Abstract submission guidelines
You should only submit an abstract if you intend to attend the congress. If your abstract is accepted for oral or poster presentation you must register for the congress.
Posters will be presented in print, and you have to be physical presence. There will be an area for poster mounting and discussion with physical presence during the poster sessions. There will be prizes for the 3 best posters.
The organizers reserve the right to remove from publication any abstract whose author does not register within two weeks of receipt of the acceptance letter.
All abstracts received by the indicated deadline will be evaluated by a panel of experts. The submitting author will receive a confirmation of acceptance for oral presentation, poster presentation, or a notice of rejection, by email by end of March 2024.
Notification regarding session details, timing and guidelines will be sent to presenters around May 2024.
Abstract structure and content
Abstracts should be written in English.
- Abstract title:
The title (including spaces) should not exceed 20 words and should be written in sentence case. Please do not type a full stop (.) at the end of the title.
When asked to select an abstract topic from the list provided, select at least one topic matching the content of your abstract best.
You may enter a maximum of 6 keywords, describing the content of your abstract for scheduling and indexing purposes. Avoid general terms.
- Abstract text:
Your abstract should consist of no more than 500 words and is divided with headings: Introduction, Objectives, Methods, Results and Conclusion. The abstract title is included in the overall character count. A table can be inserted for inclusion in the abstract.
- Registration of authors:
Names, titles, institutional affiliations, cities, countries and email addresses of all contributing authors should be provided. The presenting author (not necessarily the first author) should be identified.
- Only abstracts not previously published will be accepted.
Guideline for submission of Abstracts to EACPT 2024 Rotterdam ‘Precision Clinical Pharmacology’. Why changing classification abstracts submitted for EACPT? Current classification of abstracts developed organically and is a hybrid form of a disease-oriented classification, resulting in grouping of abstracts around organ/tract-specific medical specialties, and pharmacology-oriented classification (PK, PD, pharmacovigilance, education in pharmacology).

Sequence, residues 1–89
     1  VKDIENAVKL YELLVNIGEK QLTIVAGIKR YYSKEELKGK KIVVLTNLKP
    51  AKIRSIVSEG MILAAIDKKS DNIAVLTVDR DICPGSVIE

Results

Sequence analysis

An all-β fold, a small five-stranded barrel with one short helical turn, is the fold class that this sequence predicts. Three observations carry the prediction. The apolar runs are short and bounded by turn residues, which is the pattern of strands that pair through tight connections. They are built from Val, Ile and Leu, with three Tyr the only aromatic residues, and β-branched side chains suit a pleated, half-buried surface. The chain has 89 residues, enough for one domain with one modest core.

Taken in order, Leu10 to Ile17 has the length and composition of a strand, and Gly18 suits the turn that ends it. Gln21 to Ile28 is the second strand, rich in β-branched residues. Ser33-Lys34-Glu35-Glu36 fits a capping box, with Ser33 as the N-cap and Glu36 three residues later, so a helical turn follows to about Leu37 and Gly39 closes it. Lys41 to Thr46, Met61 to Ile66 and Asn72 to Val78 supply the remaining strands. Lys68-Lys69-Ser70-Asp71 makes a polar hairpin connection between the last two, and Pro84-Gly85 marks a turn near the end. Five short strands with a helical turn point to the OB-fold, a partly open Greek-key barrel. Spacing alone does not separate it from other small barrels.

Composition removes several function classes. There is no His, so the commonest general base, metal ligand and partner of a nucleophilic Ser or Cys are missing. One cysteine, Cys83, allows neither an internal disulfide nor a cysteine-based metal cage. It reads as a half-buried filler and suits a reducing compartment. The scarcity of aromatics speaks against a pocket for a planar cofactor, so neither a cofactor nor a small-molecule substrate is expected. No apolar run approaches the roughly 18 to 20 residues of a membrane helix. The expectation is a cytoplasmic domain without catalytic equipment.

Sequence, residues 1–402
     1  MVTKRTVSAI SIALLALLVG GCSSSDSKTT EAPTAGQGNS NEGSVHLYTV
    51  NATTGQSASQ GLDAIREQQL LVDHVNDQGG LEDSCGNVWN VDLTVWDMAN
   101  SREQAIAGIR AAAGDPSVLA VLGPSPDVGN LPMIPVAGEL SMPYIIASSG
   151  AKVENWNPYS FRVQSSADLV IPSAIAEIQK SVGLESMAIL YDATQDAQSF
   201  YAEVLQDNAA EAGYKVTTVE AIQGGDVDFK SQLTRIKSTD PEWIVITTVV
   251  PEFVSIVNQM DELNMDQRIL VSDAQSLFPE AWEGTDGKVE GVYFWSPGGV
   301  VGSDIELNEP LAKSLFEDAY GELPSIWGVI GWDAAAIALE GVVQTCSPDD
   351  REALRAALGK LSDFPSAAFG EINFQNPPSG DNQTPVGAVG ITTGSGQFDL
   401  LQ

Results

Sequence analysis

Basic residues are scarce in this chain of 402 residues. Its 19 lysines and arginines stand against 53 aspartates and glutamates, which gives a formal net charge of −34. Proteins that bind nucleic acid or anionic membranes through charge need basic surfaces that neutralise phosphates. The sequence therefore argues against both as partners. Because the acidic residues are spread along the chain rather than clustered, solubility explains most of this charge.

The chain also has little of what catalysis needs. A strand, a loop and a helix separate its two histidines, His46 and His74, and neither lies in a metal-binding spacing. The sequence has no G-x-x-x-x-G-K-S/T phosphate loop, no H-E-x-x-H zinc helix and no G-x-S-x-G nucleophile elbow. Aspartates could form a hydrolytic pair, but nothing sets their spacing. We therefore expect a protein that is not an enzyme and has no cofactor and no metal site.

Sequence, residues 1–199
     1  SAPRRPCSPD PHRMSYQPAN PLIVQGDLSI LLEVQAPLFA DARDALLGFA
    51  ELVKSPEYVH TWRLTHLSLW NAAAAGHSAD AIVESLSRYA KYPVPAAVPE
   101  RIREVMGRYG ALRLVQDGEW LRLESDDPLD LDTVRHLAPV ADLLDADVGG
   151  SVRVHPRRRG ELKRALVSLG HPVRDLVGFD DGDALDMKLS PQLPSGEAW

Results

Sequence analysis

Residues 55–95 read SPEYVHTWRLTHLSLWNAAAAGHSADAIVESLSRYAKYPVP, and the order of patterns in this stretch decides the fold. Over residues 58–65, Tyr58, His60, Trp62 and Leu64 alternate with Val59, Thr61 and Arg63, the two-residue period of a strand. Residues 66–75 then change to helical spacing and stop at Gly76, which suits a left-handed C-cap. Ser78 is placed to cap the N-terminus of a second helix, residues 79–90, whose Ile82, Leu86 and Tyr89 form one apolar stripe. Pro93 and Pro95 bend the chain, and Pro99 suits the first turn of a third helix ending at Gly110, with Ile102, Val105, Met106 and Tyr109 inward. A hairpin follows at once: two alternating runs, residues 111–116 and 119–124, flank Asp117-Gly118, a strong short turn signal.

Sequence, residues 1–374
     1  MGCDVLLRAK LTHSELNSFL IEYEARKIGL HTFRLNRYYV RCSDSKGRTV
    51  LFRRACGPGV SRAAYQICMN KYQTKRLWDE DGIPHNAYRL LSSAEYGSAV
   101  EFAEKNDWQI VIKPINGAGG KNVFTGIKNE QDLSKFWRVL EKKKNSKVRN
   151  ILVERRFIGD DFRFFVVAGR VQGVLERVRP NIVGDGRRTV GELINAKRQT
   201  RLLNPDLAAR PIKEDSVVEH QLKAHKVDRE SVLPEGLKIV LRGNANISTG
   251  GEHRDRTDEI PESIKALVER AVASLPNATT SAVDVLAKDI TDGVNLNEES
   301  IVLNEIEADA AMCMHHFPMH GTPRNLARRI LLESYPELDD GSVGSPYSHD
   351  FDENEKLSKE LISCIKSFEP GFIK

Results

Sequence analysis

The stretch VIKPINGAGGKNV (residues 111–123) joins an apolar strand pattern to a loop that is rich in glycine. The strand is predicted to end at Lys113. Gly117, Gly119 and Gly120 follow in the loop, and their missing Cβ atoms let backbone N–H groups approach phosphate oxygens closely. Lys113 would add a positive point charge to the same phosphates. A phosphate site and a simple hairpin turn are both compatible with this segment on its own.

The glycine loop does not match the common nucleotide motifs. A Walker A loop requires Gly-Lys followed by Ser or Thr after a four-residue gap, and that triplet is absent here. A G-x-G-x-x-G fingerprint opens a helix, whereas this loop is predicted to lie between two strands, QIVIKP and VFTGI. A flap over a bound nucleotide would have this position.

For us, as clinical pharmacologists, this classification system has several disadvantages:
- It does not emphasize the specific identity of (clinical) pharmacology as a scientific and clinical drug-oriented discipline, independent of and complimentary to the disease/tract based medical specialties.
- Traditional disease-based classifications thwart interactions between scientists working on similar drug-oriented approaches for different organs/tracts and diseases. ‘Disease agnostic’ innovations in pharmacology increasingly benefit the development of treatments for different medical indications.
- Disease-oriented classification artificially separate the main work fields of clinical pharmacologists: care, research, teaching and drug-regulation. Pharmacology-based organization can promote cross fertilization and discussions between experts who primarily work in different areas, but share an interest in medicines.
We will therefore apply a new classification of abstracts for the 2024 Rotterdam meeting, which is based on the WHO-six-step of rational prescribing. Recently, EACPT published a position paper that used this approach as a framework for a research agenda for the Association. To help you classify your own contribution to the EACPT meeting, we provide you with some reference for classification, realizing that there will always be some contributions that do not fit in one of these descriptions, but are nevertheless valuable for our meeting.